Story image

Gartner: Just what is the edge and who defines it?

09 Sep 2017

Article by Ted Chamberlin, Gartner analyst

Once again, the battle for owning the architecture/marketecture and definition of a buzzword is on. Like donkey kong.  As an analyst that covers cloud, colocation, content delivery network (CDN) and a bit of Internet of Things (IoT), software-defined networking (SDN) and WAN, I have a VIP seat for the battle.  The contestants are colocation, CDN, cloud, WAN, IoT enablers and mobile operators and they all think they are the missing link to building the edge.

Colocation providers - Most have displaced the public peering points to become THE interconnection destinations. That sounds a bit like the network core and most locations are in large, urban locations. Not exactly the physical edge, but more akin to the logical edge. We will also continue to see providers begin to build and deploy purpose-built micro data cenres closer to IoT networks and aggregation points. CDN providers - These providers can legitimately claim to define the edge as that is their DNA. CDN architecture dictates edge nodes be deployed in a highly distributed manner. CDNs also take load of the origin and enable APIs and business logic to sit as close to data as possible. Watch for CDN providers to exploit their inherent architecture to enter IoT use cases like OTA updates and AI and analytics edge processing. CSPs - Both mobile and fixed operators have seen edge as a way to remain relevant in a cloudy world. Most CSPs have chased early m2m applications like ehealth, connected cars and connected homes. They have learned the hard lessons of investments in technologies that have ill-defined return on investment (ROI). Their next ventures will lead them to exploit innovation developed in their labs and to more “Smart” initiatives.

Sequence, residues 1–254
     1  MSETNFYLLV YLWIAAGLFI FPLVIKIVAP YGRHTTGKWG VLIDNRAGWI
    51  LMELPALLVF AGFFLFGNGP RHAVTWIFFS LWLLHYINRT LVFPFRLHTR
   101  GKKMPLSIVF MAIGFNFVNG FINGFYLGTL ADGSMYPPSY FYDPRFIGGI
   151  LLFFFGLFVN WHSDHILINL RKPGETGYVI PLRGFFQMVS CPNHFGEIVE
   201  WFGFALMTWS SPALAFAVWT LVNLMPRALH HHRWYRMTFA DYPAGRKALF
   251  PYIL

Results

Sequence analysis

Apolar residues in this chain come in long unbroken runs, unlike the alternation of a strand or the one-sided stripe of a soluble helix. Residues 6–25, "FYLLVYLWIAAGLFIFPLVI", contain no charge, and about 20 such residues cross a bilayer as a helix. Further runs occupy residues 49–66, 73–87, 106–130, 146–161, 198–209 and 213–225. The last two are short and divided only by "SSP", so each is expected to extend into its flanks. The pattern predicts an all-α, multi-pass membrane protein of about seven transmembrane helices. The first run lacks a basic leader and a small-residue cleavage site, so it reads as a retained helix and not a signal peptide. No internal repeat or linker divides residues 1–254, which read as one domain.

So here is the cop-out answer; each service/node/destination can and will be an edge location. That is because the edge is not just a discrete IP address or instance on a VM or  square tile in a data centre. It's arguably a purpose-built platform that is nimble, agile and can ingest data and provide a framework to make a decision on those packets. To quote my colleague Bob Gill’s take on edge:

Not a bad starting point to define an extremely hard to find concept.

How Dell EMC and NVIDIA aim to simplify the AI data centre
Businesses are realising they need AI at scale, and so enterprise IT teams are increasingly inserting themselves into their company’s AI agenda. 
Orange Belgium opens 1,000 sqm Antwerp data centre
It consists of more than 500 high-density 52 unit racks, installed on the equivalent of 12 tennis courts.
Time to build tech on the automobile, not the horse and cart
Nutanix’s Jeff Smith believes one of the core problems of businesses struggling to digitally ‘transform’ lies in the infrastructure they use, the data centre.
Cloud providers increasingly jumping into gaming market
Aa number of major cloud service providers are uniquely placed to capitalise on the lucrative cloud gaming market.
Intel building US’s first exascale supercomputer
Intel and the Department of Energy are building potentially the world’s first exascale supercomputer, capable of a quintillion calculations per second.
NVIDIA announces enterprise servers optimised for data science
“The rapid adoption of T4 on the world’s most popular business servers signals the start of a new era in enterprise computing."
Unencrypted Gearbest database leaves over 1.5mil shoppers’ records exposed
Depending on the countries and information requirements, the data could give hackers access to online government portals, banking apps, and health insurance records.
Storage is all the rage, and SmartNICs are the key
Mellanox’s Kevin Deierling shares the results from a new survey that identifies the key role of the network in boosting data centre performance.